Sunday, 25 January 2015

Vienna's Ringstrasse (V2)

Plan of the city walls after reconstruction in 1548. Use the sketch of the Cathedral in the centre to orient it to the map below.
The old Vienna is a really compact city with heaps happening in a fairly small space. Getting around is very easy with their super efficient U-bahn, wide pedestrian zones and trams.  The U-bann was clean and runs on an honesty system where people are expected to buy their tickets and be ready to produce them if asked, when caught without out one there is an instant €190 fine. We bought 8 day passes(€36) and validated a ticket per person at the little blue stamper boxes each day. We were quite disappointed that we were never asked to present our tickets during our stay. The Ubann carriages even have complimentary magazines hanging on little hooks, none were stolen and I didn't see any graffitied either.  We found the trams a bit harder to use because the only maps we could find, listed the name of the stops but not the numbers or letters of the trams, which were all they showed on their displays as they trundled along. One very informative tram we did go on was the Yellow Ringstrasse Tourist tram, a warmer option to the top deck bus - hop on hop off tour.
The Yellow 'Ring Tram' follows the Ringstrasse, clockwise from Schwedenplatz. €8 per circuit.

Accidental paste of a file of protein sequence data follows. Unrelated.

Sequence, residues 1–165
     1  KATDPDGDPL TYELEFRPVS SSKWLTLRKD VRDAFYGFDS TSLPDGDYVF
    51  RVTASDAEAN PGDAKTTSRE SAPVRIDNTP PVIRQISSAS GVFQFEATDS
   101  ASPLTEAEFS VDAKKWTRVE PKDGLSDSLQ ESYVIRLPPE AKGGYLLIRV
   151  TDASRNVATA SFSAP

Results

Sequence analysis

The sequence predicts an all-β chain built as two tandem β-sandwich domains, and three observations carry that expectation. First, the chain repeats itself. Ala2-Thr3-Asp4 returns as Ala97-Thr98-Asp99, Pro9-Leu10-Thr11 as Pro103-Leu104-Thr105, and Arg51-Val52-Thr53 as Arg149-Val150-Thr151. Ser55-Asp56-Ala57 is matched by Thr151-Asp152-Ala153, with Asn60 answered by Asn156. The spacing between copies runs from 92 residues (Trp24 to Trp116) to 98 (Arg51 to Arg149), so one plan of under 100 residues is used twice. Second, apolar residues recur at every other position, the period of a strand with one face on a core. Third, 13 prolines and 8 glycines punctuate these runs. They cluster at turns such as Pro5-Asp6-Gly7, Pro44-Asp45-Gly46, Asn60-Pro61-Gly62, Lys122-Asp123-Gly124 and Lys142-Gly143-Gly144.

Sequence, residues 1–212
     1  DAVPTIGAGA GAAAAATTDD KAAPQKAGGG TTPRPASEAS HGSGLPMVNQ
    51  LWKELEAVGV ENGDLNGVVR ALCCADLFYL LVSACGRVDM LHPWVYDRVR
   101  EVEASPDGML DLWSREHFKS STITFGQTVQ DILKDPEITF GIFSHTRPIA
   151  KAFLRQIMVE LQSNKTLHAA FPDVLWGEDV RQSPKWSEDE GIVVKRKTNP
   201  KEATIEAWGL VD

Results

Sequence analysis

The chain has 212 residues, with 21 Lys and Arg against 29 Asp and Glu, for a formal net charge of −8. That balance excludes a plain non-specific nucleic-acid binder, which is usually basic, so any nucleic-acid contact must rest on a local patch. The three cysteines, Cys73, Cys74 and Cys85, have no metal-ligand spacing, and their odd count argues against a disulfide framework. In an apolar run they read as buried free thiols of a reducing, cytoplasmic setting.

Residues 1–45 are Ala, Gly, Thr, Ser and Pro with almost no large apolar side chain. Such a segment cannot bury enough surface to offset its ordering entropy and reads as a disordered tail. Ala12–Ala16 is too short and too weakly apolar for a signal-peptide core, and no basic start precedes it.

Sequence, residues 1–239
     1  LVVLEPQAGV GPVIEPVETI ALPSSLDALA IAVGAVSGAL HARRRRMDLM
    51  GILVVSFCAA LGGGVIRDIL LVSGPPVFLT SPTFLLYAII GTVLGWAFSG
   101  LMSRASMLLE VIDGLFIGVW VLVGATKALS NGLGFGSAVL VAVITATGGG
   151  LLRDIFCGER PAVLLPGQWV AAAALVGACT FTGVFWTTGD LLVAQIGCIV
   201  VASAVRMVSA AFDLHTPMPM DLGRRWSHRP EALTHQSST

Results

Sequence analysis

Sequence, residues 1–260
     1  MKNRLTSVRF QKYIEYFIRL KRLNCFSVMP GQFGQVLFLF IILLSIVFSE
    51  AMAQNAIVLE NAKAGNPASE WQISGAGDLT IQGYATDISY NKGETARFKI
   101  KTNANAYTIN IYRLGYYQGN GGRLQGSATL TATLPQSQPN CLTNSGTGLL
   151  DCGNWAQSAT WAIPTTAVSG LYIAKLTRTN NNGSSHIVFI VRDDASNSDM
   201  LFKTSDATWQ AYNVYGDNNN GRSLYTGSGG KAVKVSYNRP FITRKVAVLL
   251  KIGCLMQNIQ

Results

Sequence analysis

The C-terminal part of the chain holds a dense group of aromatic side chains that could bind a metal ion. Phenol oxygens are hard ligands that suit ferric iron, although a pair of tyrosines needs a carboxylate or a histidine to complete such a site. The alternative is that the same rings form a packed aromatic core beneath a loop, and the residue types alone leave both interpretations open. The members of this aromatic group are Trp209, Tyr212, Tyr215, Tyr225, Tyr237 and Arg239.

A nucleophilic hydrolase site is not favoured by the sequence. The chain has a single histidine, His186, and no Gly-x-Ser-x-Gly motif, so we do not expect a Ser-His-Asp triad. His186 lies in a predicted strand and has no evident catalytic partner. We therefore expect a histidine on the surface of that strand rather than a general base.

Image from the tourist brouchure
The Ringstrasse is a collection of wide avenues that merge end on end to form a ring around the old city of Vienna. This space was originally the city walls and sloping moated embankments that protected this eastern frontier of Europe against the Tartar threat. The old walls kept numerous Turkish attacks out of the city, the last attack of 300 000 Ottoman troops were kept back from the 'Golden Apple' with only 15 000 men until the Polish King arrived with reinforcements and blew the Turks to smithereens with their canon from Kahlenberg(a hill overlooking the city). Thousands of Turks drowned in the Danube running for their lives.  The Turkish Vizier was strangled with a silk cord ( the approved execution manner of the times), his soldiers pulling on the ends like a tug of war after he accepted responsibility for the huge losses.
Vizier Kara Mustafa Pasha
At least he enjoyed wearing silk for
a long time before it strangled him.